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Jan 212012
 

The People’s Party - 15 January 2012 | *SCAPE Warehouse

After the success of bringing in MGMT, French Horn Rebellion and Hurts last year, Untitled Entertainment expanded The People’s Party tour to Singapore, bringing in acts such as Metronomy, The Jezabels, The Naked and Famous and Bombay Bicycle Club. The line-up for the second day of the mini-festival held at *SCAPE featured MUON (SG), Noughts & Exes (HK), Analog Girl (SG), Unknown Mortal Orchestra (US/NZ), In Each Hand A Cutlass (SG), The Naked & Famous (NZ) and Bombay Bicycle Club (UK).

MUON opened the festival right on schedule, playing to a crowd of about hundred people, which slowly expanded as people trickled in on a lazy Sunday afternoon. Their set was overall disappointing, as they sounded unprepared for their performance. Their first attempt to perform their new track Failure of Plan B ended in a mess, which Nick (programming/bass) somewhat saved with an awkward joke about “the failure of the intro”. At a point in their set, a few sound samples were played and quickly cut, as if the band was indecisive or unrehearsed. To their credit, the rest of their set was wonderfully intense, but unfortunately the crowd had not fully warmed up to the ambient soundscapes created by the band.

Noughts & Exes’s performance that day was their third one in Singapore (last being Baybeats ’11), and received an overwhelming positive response from the crowd. Playing tracks from their albums The Start of Us and Act One Scene One, the band soared through songs such as The Crime and Everything. Their set was heartfelt and honest, especially Joshua’s vocal performance. Their set became an intimate affair as he the strain of his vocals revealed him laying bare his feelings through the songs, and the interaction with the audience felt sincere. The rest of the band was also lost in the music when they played, showing their utter commitment and faith in the music they were making. However, the actions of the backup vocalist marred their set. Her vocals were very suited to the songs and matched Joshua’s vocals, but her hand actions and dancing felt extremely forced and awkward, as compared to the natural movement and charisma of the other musicians on stage. The placing of the drumset could also have been improved, but perhaps due to logistics, the drummer was very far upstage, so much that he was visually unnoticeable. As a whole their set was a real treat for those present at the time, as they also played a new track that they had not played anywhere else yet.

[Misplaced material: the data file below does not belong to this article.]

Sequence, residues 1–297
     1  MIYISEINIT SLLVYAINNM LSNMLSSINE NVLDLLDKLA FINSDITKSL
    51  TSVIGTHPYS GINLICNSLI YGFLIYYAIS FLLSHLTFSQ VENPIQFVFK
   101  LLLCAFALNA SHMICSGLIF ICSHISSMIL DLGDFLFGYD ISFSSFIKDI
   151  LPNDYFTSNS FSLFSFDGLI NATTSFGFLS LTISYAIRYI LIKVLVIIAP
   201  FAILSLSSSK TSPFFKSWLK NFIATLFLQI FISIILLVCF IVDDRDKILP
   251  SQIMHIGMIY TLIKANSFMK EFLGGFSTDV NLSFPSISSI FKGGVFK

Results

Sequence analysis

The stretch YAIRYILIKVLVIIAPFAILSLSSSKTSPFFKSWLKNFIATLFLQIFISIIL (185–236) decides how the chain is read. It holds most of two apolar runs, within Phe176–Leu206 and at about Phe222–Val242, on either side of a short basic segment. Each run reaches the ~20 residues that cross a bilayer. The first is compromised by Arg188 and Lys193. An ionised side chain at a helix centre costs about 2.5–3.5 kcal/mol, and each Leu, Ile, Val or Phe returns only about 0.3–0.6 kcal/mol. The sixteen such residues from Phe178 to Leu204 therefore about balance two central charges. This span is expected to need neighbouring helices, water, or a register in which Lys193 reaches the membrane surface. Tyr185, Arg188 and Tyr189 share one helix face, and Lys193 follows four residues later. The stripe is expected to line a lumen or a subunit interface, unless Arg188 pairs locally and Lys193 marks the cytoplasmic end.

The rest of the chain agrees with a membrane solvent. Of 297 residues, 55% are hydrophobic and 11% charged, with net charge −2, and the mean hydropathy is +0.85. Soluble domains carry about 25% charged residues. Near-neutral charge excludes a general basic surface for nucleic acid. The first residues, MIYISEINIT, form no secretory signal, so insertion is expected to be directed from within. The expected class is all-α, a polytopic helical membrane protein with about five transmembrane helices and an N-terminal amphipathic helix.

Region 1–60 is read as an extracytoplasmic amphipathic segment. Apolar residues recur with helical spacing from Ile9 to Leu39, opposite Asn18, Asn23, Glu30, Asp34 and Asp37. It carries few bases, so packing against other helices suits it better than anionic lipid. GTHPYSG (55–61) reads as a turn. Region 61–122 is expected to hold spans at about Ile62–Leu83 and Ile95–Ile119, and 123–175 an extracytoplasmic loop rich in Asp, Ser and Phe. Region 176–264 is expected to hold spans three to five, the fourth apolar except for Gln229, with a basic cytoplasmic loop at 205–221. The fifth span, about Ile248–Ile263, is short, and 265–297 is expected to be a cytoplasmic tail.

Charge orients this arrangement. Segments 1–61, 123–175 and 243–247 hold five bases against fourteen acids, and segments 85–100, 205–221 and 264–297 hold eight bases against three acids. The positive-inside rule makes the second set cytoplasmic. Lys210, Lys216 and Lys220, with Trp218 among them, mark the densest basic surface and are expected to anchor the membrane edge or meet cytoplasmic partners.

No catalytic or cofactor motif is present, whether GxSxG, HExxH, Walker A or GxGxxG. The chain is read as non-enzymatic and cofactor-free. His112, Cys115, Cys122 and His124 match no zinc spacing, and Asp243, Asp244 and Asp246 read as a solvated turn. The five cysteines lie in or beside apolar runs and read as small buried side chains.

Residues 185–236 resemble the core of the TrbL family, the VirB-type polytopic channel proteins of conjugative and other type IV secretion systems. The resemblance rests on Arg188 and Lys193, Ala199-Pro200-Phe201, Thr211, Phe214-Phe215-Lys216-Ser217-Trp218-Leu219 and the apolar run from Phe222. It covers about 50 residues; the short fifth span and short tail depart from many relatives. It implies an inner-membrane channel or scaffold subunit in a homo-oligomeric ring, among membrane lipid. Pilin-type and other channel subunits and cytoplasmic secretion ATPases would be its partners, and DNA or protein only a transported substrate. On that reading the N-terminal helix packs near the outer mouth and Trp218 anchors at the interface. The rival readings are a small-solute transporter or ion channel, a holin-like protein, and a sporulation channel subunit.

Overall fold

Following Noughts & Exes’s indie-folk set was The Analog Girl’s brand of electro-rock. Her set was an impressive visual and aural experience, with her use of a Tenori-On and AudioCubes. The lighting design during her set was also particularly noticeable, as it created a strong and dark atmosphere for her creation of soundscapes. Her vocals contributed to the impressive live experience as they were not the sole focus of her music, but added an element of the dreamy and ethereal to her music.

Unknown Mortal Orchestra (UMO) also made their Asian debut at the festival, immediately making an impression on everyone in their tribal-ethnic clothing, prompting an audience member to shout “nice shirt!” Surprisingly, the band already has a fanbase here, clear from the roar that went up in the crowd as they arrived onstage. Playing tracks from their self-titled debut album such as Bicycle, Jello and Juggernauts and Boy Witch, they had everyone in the crowd grooving and jumping to their lo-fi psychedelic rock. Their brand of guitar rock was definitely a breath of fresh air in the festival after much electronic music. The band members, Ruban Nielson (vox, guitar), Jake Portrait (bass) and Julien Ehrlich (drums) also communicated well with each other, continually maintaining eye contact with each other throughout their set. The band also thoroughly impressed the crowd with Ruban’s shredding on his guitar and Julian’s relentless and precise drumming. Their performance ended on a high as the audience were very pumped up and sang along for their biggest hit, Ffuny Ffrends.